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ERIC Number: EJ1110230
Record Type: Journal
Publication Date: 2016-Aug
Pages: 8
Abstractor: As Provided
ISBN: N/A
ISSN: ISSN-0278-7393
Sound-Symbolism Boosts Novel Word Learning
Lockwood, Gwilym; Dingemanse, Mark; Hagoort, Peter
Journal of Experimental Psychology: Learning, Memory, and Cognition, v42 n8 p1274-1281 Aug 2016
The existence of sound-symbolism (or a non-arbitrary link between form and meaning) is well-attested. However, sound-symbolism has mostly been investigated with nonwords in forced choice tasks, neither of which are representative of natural language. This study uses ideophones, which are naturally occurring sound-symbolic words that depict sensory information, to investigate how sensitive Dutch speakers are to sound-symbolism in Japanese in a learning task. Participants were taught 2 sets of Japanese ideophones; 1 set with the ideophones' real meanings in Dutch, the other set with their opposite meanings. In Experiment 1, participants learned the ideophones and their real meanings much better than the ideophones with their opposite meanings. Moreover, despite the learning rounds, participants were still able to guess the real meanings of the ideophones in a 2-alternative forced-choice test after they were informed of the manipulation. This shows that natural language sound-symbolism is robust beyond 2-alternative forced-choice paradigms and affects broader language processes such as word learning. In Experiment 2, participants learned regular Japanese adjectives with the same manipulation, and there was no difference between real and opposite conditions. This shows that natural language sound-symbolism is especially strong in ideophones, and that people learn words better when form and meaning match. The highlights of this study are as follows: (a) Dutch speakers learn real meanings of Japanese ideophones better than opposite meanings, (b) Dutch speakers accurately guess meanings of Japanese ideophones, (c) this sensitivity happens despite learning some opposite pairings, (d) no such learning effect exists for regular Japanese adjectives, and (e) this shows the importance of sound-symbolism in scaffolding language learning.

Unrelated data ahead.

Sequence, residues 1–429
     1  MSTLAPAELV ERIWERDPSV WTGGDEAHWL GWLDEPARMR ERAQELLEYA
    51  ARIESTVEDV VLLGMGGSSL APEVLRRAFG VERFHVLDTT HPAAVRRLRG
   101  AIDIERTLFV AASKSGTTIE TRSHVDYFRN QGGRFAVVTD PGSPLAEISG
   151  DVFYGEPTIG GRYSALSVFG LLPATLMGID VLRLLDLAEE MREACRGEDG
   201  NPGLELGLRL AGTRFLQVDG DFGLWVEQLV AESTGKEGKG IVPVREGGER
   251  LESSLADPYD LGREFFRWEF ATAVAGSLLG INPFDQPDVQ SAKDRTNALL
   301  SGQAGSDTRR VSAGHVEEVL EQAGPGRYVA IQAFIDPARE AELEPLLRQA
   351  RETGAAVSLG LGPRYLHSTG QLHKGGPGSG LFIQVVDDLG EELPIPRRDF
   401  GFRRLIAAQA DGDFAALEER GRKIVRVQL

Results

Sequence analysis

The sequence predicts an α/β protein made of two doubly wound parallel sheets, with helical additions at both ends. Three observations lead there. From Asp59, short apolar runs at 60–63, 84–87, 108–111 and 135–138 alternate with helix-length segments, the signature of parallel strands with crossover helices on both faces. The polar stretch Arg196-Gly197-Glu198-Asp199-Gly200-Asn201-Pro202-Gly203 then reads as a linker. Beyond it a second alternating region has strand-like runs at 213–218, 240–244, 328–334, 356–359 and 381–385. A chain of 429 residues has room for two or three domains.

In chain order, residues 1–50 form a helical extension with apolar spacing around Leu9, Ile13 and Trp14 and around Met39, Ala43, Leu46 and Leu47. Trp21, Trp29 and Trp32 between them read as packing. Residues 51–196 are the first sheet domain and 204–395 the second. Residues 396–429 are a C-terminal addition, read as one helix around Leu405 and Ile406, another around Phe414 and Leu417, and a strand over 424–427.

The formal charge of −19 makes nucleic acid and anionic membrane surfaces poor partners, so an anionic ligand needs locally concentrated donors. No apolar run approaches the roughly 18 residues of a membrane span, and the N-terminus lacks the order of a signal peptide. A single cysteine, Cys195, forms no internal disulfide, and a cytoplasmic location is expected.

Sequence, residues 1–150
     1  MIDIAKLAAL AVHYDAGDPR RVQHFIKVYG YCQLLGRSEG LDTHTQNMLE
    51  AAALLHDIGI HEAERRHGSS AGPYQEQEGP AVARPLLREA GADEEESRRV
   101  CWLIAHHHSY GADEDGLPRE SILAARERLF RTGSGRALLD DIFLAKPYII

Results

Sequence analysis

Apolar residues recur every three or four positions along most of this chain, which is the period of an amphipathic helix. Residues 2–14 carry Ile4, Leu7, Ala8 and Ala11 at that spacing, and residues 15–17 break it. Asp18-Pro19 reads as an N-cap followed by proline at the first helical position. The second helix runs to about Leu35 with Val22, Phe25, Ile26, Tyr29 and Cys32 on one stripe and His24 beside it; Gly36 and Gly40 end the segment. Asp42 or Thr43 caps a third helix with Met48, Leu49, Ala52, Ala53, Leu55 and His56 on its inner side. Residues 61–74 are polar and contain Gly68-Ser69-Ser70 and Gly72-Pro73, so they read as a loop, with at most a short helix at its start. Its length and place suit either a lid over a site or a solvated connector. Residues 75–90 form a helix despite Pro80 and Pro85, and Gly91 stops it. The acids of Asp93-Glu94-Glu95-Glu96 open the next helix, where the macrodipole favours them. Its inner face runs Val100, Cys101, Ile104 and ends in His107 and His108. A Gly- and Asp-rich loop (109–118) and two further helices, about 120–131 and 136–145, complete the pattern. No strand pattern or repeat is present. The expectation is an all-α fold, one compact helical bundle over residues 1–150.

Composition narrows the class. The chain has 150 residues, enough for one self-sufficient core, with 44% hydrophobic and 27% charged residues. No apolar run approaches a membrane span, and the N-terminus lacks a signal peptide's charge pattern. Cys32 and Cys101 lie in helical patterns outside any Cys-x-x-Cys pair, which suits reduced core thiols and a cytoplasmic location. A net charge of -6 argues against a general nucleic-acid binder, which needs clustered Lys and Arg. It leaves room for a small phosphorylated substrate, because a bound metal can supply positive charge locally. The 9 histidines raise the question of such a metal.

American Psychological Association. Journals Department, 750 First Street NE, Washington, DC 20002. Tel: 800-374-2721; Tel: 202-336-5510; Fax: 202-336-5502; e-mail: order@apa.org; Web site: http://www.apa.org
Publication Type: Journal Articles; Reports - Research
Education Level: N/A
Audience: N/A
Language: English
Sponsor: N/A
Authoring Institution: N/A
Identifiers - Location: Netherlands